INTRODUCTION: VIVIAN MAIER - Chicago...

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102 INTRODUCTION: VIVIAN MAIER Vivian Maier (1926–2009) grew up in France but spent her professional life as a nanny on Chicago’s North Shore. It was not known until after her death that her estate contained over 100,000 photographic prints and negatives, many of astonishing beauty, none of which were publicized during her lifetime. Interest in her work has grown rapidly; since 2011, it has been the subject of eight solo exhibitions in Chicago, New York City, and Europe, as well as books and an upcoming documentary film. In this portfolio, we reproduce images of eight unique prints selected from an exhibition held at Chicago’ s Corbett vs. Dempsey gallery in the summer of 2012. Because there is no full catalog of the exhibition and no surviving negatives, their publication here affords a larger public an opportunity to consider and enjoy them. Much has been made of Maier’s privacy and her seeming outsider status, and there is a danger that the circumstances of her life—and the surprise of her posthumous discovery—may divert attention from the quality of her art. Likewise, her growing reputation as a “street photographer, ” a chronicler of urban life, may belie the studied, beautiful composition that characterizes her photographs. The images reproduced here have been chosen, in part, to call attention to the sophistication of her technique. Maier’ s portrait photographs artfully conceal a flattening technique pervasive throughout her work. Over decades, Maier took, on average, several photographs each day, many of them unpeopled images of such things as shadows, puddles, walls, and strewn objects. These little-exhibited or -discussed photographs make a pronounced effort to reduce three-dimensional subject matter to a two-dimensional geometric abstraction. This geometric reduction has a dramatic effect when Maier photographs human subjects, who appear pro- jected forward from their flat frames, as if suspended. In Man Sleeping on a Grate Next to a Brick Wall the man nearly levitates. The shadow in Child’ s Shadow bulges outward from the single plane of the wall, while the Children on a Slide hover in a depthless void. This powerful foregrounding technique may explain why her street photographs of people, which are neither posed nor planned, so often appear carefully composed. The photographs reprinted here also demonstrate Maier’ s unobtrusive presence as a photographer. Curator Jim Dempsey regularly interacted with Maier for more than a decade, yet when she asked to take his picture with her Rolleiflex camera, he recalls, “I doubted that there was even film in it. How little I knew. I didn’ t even know her name. ” Her approach was not to take photographs covertly, but to do so openly, with confidence that her presence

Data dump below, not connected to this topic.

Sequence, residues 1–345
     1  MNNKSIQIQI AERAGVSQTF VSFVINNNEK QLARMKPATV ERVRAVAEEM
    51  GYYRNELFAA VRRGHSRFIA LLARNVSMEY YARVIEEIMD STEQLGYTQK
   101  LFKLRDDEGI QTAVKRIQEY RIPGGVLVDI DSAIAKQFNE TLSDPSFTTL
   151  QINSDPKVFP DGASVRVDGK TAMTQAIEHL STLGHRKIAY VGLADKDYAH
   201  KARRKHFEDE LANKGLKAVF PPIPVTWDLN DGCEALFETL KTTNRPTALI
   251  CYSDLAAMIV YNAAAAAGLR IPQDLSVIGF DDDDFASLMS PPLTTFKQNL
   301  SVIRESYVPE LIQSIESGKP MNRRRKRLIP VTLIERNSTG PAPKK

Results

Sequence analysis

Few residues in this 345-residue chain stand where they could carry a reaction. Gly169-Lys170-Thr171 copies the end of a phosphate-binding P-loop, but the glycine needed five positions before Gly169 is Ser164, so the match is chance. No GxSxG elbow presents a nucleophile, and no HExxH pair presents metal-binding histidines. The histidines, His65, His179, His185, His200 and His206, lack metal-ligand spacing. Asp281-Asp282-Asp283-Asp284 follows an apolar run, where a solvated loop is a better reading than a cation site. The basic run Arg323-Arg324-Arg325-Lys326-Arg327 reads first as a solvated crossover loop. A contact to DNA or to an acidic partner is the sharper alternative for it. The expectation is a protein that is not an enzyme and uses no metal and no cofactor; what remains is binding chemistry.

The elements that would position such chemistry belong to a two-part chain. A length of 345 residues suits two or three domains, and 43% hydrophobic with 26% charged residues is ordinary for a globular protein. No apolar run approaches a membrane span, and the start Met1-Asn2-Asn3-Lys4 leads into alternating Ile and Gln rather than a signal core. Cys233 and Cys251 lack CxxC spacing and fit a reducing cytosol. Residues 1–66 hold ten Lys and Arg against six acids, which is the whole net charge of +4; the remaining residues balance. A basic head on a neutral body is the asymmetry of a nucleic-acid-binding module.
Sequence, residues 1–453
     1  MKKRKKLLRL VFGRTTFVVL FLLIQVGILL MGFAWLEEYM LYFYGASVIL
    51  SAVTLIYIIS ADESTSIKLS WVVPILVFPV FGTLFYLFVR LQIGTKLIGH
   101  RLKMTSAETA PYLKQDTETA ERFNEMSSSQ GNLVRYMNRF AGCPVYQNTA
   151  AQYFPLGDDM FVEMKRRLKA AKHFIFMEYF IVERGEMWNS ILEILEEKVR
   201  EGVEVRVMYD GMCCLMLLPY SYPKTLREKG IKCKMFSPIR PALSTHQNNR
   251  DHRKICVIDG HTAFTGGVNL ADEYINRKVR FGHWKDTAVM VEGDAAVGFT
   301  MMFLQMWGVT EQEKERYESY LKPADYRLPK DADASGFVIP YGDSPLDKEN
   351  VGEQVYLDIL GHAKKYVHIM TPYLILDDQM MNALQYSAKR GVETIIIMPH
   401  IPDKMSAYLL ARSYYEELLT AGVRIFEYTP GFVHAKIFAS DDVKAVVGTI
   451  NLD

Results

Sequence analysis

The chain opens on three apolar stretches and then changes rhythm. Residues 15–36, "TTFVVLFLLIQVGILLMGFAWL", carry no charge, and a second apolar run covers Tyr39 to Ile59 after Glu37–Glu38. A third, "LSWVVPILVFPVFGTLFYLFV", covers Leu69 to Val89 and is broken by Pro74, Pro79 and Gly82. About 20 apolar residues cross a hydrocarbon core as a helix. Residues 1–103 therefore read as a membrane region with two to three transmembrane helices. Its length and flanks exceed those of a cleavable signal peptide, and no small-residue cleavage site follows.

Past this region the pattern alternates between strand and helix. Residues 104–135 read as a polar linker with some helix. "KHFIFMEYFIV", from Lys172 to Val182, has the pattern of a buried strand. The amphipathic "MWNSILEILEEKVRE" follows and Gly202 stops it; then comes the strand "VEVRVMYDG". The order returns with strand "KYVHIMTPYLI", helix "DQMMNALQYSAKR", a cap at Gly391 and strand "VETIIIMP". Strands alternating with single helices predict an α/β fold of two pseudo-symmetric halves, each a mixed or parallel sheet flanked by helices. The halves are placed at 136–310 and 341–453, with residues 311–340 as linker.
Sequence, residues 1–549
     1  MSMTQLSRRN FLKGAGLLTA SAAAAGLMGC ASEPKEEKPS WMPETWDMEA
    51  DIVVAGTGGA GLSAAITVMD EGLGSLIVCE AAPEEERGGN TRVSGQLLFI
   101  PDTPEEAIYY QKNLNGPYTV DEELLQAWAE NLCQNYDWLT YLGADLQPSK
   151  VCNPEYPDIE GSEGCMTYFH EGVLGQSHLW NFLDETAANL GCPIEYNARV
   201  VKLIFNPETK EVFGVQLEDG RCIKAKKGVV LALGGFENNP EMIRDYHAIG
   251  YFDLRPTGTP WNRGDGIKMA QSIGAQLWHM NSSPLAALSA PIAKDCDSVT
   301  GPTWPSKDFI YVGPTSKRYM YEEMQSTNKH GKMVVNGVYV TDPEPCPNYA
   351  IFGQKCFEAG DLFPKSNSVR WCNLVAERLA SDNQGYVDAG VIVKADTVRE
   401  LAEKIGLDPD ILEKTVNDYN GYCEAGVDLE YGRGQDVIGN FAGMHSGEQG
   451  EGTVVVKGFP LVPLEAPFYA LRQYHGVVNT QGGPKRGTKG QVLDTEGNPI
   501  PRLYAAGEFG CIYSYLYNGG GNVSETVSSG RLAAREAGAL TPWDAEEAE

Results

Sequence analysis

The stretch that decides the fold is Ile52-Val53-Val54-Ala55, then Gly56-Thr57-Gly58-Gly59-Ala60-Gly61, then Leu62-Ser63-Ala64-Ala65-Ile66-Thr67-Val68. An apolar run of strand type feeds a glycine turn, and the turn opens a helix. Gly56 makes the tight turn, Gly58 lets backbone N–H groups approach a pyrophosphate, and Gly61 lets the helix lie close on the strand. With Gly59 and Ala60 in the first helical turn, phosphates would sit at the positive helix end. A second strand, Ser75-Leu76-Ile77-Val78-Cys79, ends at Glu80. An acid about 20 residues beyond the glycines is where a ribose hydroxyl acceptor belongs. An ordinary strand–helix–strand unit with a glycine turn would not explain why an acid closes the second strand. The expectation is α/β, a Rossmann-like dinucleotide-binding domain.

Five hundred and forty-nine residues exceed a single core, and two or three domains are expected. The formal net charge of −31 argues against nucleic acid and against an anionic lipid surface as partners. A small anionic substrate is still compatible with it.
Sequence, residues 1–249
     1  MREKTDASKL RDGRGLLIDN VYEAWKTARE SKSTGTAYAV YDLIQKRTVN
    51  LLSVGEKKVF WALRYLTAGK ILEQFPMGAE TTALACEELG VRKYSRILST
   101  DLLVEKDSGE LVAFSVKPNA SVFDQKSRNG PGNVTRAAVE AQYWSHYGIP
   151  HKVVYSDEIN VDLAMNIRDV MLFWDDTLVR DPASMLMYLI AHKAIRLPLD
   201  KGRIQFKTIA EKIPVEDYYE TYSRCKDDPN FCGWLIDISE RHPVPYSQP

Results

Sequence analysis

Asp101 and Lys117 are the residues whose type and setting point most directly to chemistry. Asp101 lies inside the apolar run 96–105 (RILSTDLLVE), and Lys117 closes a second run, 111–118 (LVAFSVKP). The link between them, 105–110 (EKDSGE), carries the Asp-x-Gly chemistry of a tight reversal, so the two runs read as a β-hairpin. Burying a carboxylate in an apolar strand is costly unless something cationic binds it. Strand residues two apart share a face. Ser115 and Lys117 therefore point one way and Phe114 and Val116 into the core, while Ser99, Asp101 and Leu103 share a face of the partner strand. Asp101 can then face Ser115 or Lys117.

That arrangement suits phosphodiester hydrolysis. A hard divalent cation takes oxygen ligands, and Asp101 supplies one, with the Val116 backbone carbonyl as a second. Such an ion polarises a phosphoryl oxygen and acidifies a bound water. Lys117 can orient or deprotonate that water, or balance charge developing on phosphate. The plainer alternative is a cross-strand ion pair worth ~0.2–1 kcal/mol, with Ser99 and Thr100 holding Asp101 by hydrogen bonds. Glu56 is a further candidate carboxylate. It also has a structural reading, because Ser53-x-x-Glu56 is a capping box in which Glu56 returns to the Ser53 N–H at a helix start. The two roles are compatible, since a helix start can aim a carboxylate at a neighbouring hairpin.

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  • 102

    INTRODUCTION: VIVIAN MAIER